The Times is launching The Community Corner, with locals sharing inspiring, interesting and funny stories, tips and experiences. This week, local artist Lynn Anthony tells a story about a gathering years ago, when the phrase “Pass the orange biscuits” was born.
Amin. Pass the orange biscuits.
Being the mother of two grown children, many of my experiences revolve around certain instances during their childhood.
I am thankful for the memories and I hope sharing them will make you smile too.
We’re a family of foodies – always have been. Most of our vacations were based around where we wanted to eat. If we wanted Mexican food, we went to Mexico. If we wanted Creole, we hit New Orleans. And you can only find Maine lobster in Maine.
Keeping that in mind our children were never shy about food. They were both anxious to try new things and would not hold back if they liked something.
I think Ginny Lynn was about 9 years old when this took place. From the day she was born she was introduced to a good friend of mine, and she grew up with his children.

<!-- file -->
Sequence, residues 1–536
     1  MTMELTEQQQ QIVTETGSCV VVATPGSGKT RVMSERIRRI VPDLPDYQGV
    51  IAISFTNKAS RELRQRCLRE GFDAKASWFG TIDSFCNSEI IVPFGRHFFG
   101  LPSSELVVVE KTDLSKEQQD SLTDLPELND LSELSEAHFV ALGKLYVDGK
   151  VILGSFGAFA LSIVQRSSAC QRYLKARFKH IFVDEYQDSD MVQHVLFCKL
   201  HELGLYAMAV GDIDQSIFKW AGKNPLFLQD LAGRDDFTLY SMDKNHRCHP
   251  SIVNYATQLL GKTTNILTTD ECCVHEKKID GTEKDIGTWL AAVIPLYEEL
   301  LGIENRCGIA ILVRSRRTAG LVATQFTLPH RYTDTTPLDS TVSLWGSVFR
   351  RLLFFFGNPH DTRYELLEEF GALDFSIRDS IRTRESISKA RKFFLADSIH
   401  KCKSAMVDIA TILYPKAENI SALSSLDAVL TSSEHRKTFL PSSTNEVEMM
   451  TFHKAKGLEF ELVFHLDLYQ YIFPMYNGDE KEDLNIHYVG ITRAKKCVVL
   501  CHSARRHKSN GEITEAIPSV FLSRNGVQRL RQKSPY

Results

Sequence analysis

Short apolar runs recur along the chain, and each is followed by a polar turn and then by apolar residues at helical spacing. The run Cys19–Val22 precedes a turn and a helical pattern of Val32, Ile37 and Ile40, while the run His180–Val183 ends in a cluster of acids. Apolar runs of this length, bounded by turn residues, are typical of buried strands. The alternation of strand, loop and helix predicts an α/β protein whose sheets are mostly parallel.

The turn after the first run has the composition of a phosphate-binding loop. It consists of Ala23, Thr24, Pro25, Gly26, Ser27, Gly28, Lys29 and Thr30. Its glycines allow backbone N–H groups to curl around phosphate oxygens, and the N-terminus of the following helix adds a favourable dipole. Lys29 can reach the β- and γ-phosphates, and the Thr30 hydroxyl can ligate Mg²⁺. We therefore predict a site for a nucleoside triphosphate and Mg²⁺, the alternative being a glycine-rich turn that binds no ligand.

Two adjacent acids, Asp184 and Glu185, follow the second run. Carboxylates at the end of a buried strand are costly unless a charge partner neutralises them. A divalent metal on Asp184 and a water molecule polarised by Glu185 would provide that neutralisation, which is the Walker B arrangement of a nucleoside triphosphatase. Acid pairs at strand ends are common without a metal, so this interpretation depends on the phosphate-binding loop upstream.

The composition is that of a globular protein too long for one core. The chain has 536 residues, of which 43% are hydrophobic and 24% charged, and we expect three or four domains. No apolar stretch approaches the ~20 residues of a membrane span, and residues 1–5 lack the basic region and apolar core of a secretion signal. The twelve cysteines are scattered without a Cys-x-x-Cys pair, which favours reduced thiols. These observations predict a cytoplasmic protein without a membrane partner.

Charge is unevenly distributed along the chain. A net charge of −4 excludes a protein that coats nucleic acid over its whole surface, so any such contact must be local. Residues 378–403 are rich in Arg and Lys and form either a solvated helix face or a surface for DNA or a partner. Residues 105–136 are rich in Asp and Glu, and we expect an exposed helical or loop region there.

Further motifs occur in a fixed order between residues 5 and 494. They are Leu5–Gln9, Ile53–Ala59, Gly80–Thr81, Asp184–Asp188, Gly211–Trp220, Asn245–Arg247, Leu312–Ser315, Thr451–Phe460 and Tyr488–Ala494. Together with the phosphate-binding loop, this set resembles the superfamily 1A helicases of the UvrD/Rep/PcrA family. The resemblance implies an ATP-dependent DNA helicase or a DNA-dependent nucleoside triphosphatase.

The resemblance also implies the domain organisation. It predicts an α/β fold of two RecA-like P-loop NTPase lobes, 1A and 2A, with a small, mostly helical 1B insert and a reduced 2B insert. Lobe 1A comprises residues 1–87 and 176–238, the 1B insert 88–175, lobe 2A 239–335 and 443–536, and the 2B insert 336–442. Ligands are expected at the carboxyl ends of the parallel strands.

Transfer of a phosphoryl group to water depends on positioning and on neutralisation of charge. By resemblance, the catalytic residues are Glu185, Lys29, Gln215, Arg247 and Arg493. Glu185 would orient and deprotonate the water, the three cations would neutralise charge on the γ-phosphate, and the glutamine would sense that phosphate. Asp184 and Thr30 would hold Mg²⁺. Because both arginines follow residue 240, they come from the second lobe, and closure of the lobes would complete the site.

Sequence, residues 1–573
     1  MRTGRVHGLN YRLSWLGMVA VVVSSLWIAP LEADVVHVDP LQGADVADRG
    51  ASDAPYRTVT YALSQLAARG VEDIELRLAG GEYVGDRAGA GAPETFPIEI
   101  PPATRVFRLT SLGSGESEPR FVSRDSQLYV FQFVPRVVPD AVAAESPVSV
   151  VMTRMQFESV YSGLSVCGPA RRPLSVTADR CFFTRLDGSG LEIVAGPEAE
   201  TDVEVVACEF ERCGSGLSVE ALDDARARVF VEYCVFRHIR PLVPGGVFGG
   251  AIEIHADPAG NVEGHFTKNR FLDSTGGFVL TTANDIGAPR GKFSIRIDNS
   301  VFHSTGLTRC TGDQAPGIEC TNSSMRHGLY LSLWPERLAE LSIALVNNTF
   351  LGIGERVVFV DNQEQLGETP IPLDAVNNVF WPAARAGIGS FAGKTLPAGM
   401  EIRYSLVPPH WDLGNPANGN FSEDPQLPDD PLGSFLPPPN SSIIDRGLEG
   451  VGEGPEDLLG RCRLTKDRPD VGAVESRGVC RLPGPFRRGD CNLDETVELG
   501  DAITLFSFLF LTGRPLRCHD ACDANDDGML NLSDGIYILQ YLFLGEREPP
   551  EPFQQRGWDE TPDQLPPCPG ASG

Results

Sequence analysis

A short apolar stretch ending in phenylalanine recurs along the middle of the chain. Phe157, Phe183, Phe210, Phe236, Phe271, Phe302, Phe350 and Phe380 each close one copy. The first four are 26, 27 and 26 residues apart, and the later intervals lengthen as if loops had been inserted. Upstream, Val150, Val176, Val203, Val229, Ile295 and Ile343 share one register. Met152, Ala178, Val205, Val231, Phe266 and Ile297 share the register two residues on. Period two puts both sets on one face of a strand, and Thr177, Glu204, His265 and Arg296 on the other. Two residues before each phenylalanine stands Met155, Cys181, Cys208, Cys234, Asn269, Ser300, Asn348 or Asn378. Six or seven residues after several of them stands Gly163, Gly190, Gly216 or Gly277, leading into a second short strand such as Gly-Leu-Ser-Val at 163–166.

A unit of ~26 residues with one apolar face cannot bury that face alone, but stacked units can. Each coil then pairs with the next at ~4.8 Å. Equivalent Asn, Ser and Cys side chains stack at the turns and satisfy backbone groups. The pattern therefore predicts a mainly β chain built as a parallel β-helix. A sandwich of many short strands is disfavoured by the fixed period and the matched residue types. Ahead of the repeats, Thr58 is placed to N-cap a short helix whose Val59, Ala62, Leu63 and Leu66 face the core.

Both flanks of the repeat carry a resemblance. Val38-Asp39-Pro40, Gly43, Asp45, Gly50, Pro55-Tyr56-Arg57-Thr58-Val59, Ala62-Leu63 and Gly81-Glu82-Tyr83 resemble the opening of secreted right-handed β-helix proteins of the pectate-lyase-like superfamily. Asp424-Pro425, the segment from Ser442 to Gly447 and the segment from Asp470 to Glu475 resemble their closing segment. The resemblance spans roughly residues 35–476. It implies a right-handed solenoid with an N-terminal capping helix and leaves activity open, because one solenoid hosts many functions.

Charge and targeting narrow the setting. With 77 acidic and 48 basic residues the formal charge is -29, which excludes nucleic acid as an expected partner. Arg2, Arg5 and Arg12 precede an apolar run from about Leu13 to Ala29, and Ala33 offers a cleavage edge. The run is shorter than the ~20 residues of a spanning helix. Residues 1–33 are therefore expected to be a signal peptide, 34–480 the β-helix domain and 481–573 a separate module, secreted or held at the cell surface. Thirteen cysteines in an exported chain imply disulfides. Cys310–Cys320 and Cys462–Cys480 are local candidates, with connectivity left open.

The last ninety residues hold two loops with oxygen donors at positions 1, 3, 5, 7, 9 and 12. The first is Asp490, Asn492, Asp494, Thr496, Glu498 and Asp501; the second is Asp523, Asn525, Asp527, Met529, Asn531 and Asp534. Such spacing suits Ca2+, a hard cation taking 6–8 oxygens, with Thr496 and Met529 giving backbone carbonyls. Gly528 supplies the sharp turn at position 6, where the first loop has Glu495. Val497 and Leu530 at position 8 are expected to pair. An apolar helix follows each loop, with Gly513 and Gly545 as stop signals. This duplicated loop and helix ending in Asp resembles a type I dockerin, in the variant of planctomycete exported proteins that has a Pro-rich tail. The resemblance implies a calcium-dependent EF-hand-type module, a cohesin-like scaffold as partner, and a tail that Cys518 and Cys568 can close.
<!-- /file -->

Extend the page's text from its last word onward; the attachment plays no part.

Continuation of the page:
The kids spent weekends at each other’s houses and were as comfortable with each other’s families as if they were at home.
Ginny often spoke of the “wonderful breakfasts that Mr. Tony made” when she was spending the night there.
There was maple bacon, scrambled eggs with cheese, fresh fruit, and the piece de resistance –the orange biscuits.
There were four children in Tony’s family—so with Ginny they made five, plus the two adults—the table was always full, and Ginny really loved those orange biscuits.
They sat down to eat breakfast and Tony started the meal with a prayer...Blessing each person at the table. He was sure to cover his bases as there were after all five children listening.
Apparently it went on long enough, and with the sound of “Amen,” Ginny blurted out, “Pass the orange biscuits.”
The entire table erupted with laughter. I don’t know that there was even one second between the “Amen,” and her request.
So now, when we really love a food, want more of something or are very anxious to eat, we proudly exclaim, “Amen. Pass the orange biscuits.”
You are welcome to borrow this phrase if you like, but you must share the story of Ginny Lynn and her love of orange biscuits.